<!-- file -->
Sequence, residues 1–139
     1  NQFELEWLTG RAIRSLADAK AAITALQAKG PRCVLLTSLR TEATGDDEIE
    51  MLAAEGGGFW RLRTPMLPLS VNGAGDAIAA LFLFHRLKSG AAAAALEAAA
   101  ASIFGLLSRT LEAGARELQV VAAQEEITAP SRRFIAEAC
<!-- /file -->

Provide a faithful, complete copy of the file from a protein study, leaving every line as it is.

Sequence, residues 1–139
     1  NQFELEWLTG RAIRSLADAK AAITALQAKG PRCVLLTSLR TEATGDDEIE
    51  MLAAEGGGFW RLRTPMLPLS VNGAGDAIAA LFLFHRLKSG AAAAALEAAA
   101  ASIFGLLSRT LEAGARELQV VAAQEEITAP SRRFIAEAC